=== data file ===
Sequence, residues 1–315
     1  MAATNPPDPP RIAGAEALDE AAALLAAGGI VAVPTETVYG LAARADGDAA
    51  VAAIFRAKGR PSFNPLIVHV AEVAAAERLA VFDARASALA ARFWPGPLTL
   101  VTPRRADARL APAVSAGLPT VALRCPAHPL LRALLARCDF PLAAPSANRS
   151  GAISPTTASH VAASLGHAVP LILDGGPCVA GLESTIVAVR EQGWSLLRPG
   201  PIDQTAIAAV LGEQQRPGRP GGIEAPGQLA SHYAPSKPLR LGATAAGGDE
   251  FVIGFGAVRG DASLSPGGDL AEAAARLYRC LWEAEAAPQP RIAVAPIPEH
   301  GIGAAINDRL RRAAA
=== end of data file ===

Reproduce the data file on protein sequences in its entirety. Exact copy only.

Sequence, residues 1–315
     1  MAATNPPDPP RIAGAEALDE AAALLAAGGI VAVPTETVYG LAARADGDAA
    51  VAAIFRAKGR PSFNPLIVHV AEVAAAERLA VFDARASALA ARFWPGPLTL
   101  VTPRRADARL APAVSAGLPT VALRCPAHPL LRALLARCDF PLAAPSANRS
   151  GAISPTTASH VAASLGHAVP LILDGGPCVA GLESTIVAVR EQGWSLLRPG
   201  PIDQTAIAAV LGEQQRPGRP GGIEAPGQLA SHYAPSKPLR LGATAAGGDE
   251  FVIGFGAVRG DASLSPGGDL AEAAARLYRC LWEAEAAPQP RIAVAPIPEH
   301  GIGAAINDRL RRAAA